The Live Connections students entering from the rear of the hall was a nice surprise, and Live Connections co-founder David Bradley did an admirable job of explaining the organization succinctly to the audience (including the high-rollers from J.P. Morgan in the Mezzanine) and gave each of the seven graduating college-bound students an opportunity to express what Live Connections has done for them personally. As promised, both the students and adults involved with Live Connections demonstrated a passion for the work, and the benefits to Philadelphia youth are quite obvious, especially since many of them do not receive music instruction in their schools.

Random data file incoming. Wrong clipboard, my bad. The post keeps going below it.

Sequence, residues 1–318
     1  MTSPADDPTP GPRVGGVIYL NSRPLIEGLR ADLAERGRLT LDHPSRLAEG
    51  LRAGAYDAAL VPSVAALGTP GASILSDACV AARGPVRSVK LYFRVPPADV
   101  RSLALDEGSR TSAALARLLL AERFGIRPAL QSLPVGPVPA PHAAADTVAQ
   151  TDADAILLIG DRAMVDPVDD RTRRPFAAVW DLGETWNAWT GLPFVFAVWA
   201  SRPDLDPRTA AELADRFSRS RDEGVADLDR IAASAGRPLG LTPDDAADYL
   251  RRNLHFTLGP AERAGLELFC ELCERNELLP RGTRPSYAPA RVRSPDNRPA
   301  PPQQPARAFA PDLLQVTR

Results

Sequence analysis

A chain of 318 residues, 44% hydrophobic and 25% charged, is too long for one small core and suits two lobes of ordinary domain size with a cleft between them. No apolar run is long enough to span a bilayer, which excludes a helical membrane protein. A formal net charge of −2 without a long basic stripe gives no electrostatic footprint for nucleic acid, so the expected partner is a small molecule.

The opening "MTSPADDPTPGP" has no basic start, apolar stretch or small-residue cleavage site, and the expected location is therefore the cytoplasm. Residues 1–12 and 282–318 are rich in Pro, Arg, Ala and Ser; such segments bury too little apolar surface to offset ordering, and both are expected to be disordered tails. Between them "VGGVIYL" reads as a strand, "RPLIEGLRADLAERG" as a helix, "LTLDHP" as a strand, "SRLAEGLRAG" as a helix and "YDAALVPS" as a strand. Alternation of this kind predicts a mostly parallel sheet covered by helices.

Buffett's presentation started out as expected. After the first song, describing his childhood and formative years only makes sense. The audience needs to understand how Buffett's upbringing may have been different, but his dreams of making music are the same as many people. I agree with Buffett's philosophy of pursuing your passions and allowing the Universe to conspire with you to see them to fruition. Buffett waited a long time for the opportunity to put his music in front of Kevin Costner, and it helped create a direction for him that wrapped itself around his intention - to use his music and love of indigenous cultures to blend. There are, however, advantages Buffett enjoyed that middle-class Americans do not. For example, with the endowment from his father to start the NoVo Foundation, Buffett was afforded the chance to, as he said, "Take a year or so and make sure we got it right." Many non-profit organizations have some seed money to get started and have to "get it right" quickly or lose their backing. Moving in the social circles of upper-income Americans also offers opportunities that are not available to the majority of Americans.